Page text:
ST: We raise funds for worthy causes, and we use it as a mouthpiece for his and my activism, as well as other things that people in the organization bring in. Tom’s worked with different organizations working with New Orleans and Katrina. He works with a lot of domestic labor issues. I work with foreign policy, the Iraq war, and genocide. So, if we were running a government [laughs], I would be the foreign policy guy, he’d be the interior guy.
MJ: How do you and Tom Morello connect, exactly, and how does that make Axis of Justice work? Do you both agree on everything? What do you argue about?
ST: We argue about the Beatles. I’m a bigger Beatles fan than he is.
MJ: What music inspires you?
ST: When I was younger, I was listening to a lot of Armenian music, you know, revolutionary music about freedom and protest. In the 70s I was listening to soul and the Bee Gees and ABBA, and funk. In the 80s I was listening to a lot of goth and new wave, and in the late 80s I got into rock and metal and punk, and pop and hip-hop, and death metal. In the last few years I’ve been listening to jazz more than anything else. I listen to a lot of world music and experimental here and there.
MJ: You have this acrobatic vocal range where you’re kind of all over the place. You do a falsetto, operatic thing that can be a challenge to listen to sometimes, and mid-range melodic type of things, and there’s also some shouting in there, too. What do you think about when you’re coming up with ideas of things to express vocally, and is there something in particular you’re trying to achieve, or are you just sort of letting it all go?
ST: Just letting it all go.
MJ: What about taking heat for your music and your activism? I’m sure you’ve gotten some negative backlash at some point.
ST: Oh yeah. I think the worse backlash I got was for writing an article called “Understanding Oil”, which I posted to the band’s website on September 12, the day after 9/11. At the time our album Toxicity was coming out, and we had our top single “Chop Suey” being dropped by program directors, and Howard Stern dissing me. I had hate mail, I had death threats. But in retrospect, now people come up to me and say “you were right.” The letter was a harmless plea for peace. I was just trying to make sense of the helplessness that I felt.
MJ: How do you see things going in 2008? Do you any of the issues you’re talking about will come to the surface more and guide how people will vote?
ST: A presidential election, nor a candidate, is no magic bullet. I think the only way is for us to be aware of what’s going on as a populace. I think we should get rid of the electorate. I think it’s a useless, outdated system that allows someone to manipulate or reverse majority rule, or popular vote. I think every major candidate should be given equal TV airtime. Right now people vote for who they think might win, not who they think really represents them. Let’s make it about the issues again. Even if it’s Dennis Kucinich, who is my favorite candidate, to be honest, because the only one that didn’t vote for the war, because he was smart enough to know it was bullshit. But even if he became president, we’re so far gone as a civilization. It will be really difficult to bring the reins back.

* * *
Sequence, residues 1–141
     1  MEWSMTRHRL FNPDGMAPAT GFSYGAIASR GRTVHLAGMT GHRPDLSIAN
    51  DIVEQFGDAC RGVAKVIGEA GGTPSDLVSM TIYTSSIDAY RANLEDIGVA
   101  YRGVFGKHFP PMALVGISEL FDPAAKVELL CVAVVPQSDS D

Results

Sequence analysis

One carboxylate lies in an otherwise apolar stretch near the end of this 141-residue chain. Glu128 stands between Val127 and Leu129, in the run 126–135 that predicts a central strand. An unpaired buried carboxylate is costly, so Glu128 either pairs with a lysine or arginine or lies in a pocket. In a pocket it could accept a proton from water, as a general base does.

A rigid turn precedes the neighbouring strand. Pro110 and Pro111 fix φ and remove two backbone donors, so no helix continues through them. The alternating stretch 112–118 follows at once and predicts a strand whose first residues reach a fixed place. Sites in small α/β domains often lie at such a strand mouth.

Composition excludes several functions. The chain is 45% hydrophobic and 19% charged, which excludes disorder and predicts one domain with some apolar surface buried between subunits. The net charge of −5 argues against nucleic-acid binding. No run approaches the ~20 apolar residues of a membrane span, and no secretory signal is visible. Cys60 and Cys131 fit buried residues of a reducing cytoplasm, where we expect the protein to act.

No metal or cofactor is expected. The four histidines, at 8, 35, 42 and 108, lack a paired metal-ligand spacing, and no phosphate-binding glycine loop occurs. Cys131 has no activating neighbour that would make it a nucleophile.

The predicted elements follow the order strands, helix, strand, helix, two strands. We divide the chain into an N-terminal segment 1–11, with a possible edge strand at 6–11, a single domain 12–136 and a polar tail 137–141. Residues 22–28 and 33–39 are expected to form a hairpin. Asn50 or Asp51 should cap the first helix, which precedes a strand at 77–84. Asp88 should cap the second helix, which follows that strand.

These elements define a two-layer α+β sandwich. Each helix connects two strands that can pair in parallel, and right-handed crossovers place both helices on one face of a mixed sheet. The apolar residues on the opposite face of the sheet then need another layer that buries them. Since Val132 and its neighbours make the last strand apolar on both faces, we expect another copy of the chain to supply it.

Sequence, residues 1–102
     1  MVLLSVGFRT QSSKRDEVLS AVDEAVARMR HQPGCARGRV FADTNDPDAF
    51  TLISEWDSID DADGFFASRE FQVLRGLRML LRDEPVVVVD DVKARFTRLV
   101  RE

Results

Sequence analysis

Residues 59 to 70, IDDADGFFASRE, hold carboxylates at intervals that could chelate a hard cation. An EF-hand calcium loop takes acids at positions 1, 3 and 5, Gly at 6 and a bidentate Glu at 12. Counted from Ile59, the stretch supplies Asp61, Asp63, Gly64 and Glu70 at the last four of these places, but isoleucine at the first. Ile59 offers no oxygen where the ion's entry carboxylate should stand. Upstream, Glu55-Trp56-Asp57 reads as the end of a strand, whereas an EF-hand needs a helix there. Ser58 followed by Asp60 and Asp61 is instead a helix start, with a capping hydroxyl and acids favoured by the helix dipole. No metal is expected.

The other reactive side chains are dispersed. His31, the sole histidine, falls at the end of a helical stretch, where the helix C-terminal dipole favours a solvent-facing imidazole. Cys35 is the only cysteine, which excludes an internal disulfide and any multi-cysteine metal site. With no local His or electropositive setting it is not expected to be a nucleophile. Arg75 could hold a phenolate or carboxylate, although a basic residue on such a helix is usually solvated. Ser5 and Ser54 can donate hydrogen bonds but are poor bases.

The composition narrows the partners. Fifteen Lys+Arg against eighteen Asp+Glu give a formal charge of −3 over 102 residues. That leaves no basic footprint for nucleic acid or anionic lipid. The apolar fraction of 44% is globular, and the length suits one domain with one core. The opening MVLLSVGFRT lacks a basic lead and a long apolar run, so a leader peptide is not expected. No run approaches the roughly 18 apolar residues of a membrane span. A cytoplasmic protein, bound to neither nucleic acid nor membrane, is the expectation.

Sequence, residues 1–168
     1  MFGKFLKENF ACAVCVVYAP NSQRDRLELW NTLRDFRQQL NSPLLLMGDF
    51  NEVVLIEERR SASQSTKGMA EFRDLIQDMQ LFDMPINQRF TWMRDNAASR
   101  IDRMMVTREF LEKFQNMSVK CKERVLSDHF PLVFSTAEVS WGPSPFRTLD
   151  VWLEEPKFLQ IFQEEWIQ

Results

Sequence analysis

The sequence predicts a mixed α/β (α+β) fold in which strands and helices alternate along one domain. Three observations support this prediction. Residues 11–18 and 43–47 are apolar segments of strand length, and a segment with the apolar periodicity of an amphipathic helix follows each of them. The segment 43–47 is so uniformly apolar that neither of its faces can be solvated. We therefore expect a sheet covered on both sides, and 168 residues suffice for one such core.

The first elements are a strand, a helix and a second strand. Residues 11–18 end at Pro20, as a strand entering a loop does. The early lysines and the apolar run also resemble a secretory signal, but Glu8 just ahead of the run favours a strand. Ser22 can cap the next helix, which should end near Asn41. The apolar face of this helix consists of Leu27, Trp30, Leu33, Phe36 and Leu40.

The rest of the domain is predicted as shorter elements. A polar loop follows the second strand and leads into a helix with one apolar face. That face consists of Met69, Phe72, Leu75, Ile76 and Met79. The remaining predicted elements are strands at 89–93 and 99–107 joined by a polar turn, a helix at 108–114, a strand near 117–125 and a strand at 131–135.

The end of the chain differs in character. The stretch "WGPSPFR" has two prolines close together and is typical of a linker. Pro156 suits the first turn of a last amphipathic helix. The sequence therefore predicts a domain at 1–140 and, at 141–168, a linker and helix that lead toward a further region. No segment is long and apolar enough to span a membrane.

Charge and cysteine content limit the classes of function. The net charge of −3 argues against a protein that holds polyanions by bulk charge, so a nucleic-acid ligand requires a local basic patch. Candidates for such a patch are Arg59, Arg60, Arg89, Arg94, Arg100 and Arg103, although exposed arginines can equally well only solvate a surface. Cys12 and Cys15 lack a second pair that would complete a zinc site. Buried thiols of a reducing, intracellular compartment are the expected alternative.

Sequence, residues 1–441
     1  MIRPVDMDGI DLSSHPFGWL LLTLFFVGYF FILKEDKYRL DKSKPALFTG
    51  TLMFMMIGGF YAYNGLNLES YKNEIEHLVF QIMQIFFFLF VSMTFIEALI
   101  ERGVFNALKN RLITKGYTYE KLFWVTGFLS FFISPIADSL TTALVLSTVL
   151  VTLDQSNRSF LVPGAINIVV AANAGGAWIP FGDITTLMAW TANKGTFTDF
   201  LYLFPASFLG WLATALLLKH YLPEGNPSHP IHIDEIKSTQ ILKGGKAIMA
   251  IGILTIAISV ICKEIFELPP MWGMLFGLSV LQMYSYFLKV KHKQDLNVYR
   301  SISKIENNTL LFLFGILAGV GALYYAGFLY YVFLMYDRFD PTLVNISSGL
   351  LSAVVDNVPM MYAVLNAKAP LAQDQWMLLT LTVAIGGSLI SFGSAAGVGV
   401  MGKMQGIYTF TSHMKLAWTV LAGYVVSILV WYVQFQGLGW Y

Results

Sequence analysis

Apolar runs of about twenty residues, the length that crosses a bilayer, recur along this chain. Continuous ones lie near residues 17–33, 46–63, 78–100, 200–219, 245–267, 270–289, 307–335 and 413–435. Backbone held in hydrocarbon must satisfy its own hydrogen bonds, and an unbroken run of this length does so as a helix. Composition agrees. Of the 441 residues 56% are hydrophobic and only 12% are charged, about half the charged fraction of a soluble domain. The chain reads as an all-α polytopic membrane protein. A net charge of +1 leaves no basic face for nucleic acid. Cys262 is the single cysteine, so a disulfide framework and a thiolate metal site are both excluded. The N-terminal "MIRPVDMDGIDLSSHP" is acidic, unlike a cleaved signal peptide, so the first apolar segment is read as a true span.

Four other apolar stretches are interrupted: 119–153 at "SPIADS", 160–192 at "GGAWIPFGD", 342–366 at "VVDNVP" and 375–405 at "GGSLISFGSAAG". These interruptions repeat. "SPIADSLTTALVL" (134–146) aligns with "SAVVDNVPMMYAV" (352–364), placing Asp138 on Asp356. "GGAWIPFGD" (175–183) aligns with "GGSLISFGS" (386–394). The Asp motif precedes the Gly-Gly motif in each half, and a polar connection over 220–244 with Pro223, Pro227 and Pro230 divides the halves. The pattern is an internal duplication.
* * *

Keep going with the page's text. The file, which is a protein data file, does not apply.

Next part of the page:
MJ: Have you ever performed in Turkey before?
ST: No, but in ’98 we were supposed to open up for Slayer there, and the show promoter there said they could not guarantee our security. Sony, who was our label at the time, also could not guarantee our security. We said we’re not going to do this show because we don’t have the ability to speak freely in your country. Then I noticed a very specific attack in the media. They had these outrageous assertions that we printed tickets for shows that said “No Turks Allowed.” Just ridiculous shit like that. Then Rolling Stone Turkey did an interview with me. I spent hours talking, writing, everything. My only thing was, I told them they had to print the interview in its entirety or not at all, because they can change your words. And they would not. That article is still not printed. I’m not a radical, dude. I’m just asking for truth, whether it’s that country or our country. It’s no different. And that’s not being radical, that’s being human.
MJ: Are you spiritual or religious in any way? Do you practice any organized religion?
ST: When people ask me what religion I am, I always say, see that tree outside, go ask the trees the same thing, you know? I believe very firmly that indigenous populations had a really good, intuitive understanding of why we’re here. And we’re trying to gain that same understanding through psychology and intellect in modern civilization. We’re not there. I’ve been doing an interesting experiment with journalists, that after they interview me, we send them a question from me to answer, which is “What does civilization mean to you, and what would its ending bring to the world?”
MJ: Am I going to get that question?
ST: Yes, you are. We’re getting a lot of interesting answers. What I’ve noticed is that we equate humanity with civilization, which is really interesting, because man’s been on this planet for millions of years and civilization has been around for 10,000 years. What we call history is 10,000 years old. My assertion is that we are addicted to the cities of civilization. We’re like that guy sitting at home that orders pizza every night, and if that pizza doesn’t come, we’re fucked. That’s how I think of civilization. But I’m part of that, too. I’m a city boy.
MJ: If you were to stop doing music someday, what do you see yourself doing?
ST: I think I might write a book. I like writing. People have asked me if I would get into politics, but I think I feel a lot more effective being a representative of truth through the arts. I think music and poetry should be a truth-telling narration of our times, like a Dylan song represents the 60s in some ways, or the Beatles, or whatever. My two interests are spirituality and politics. I would mesh them in some way; maybe try to figure out the politics of spirituality, or the spirituality of politics. Or maybe come up with this really crazy naïve solution for the end of civilization.
[More Mother Jones arts coverage HERE]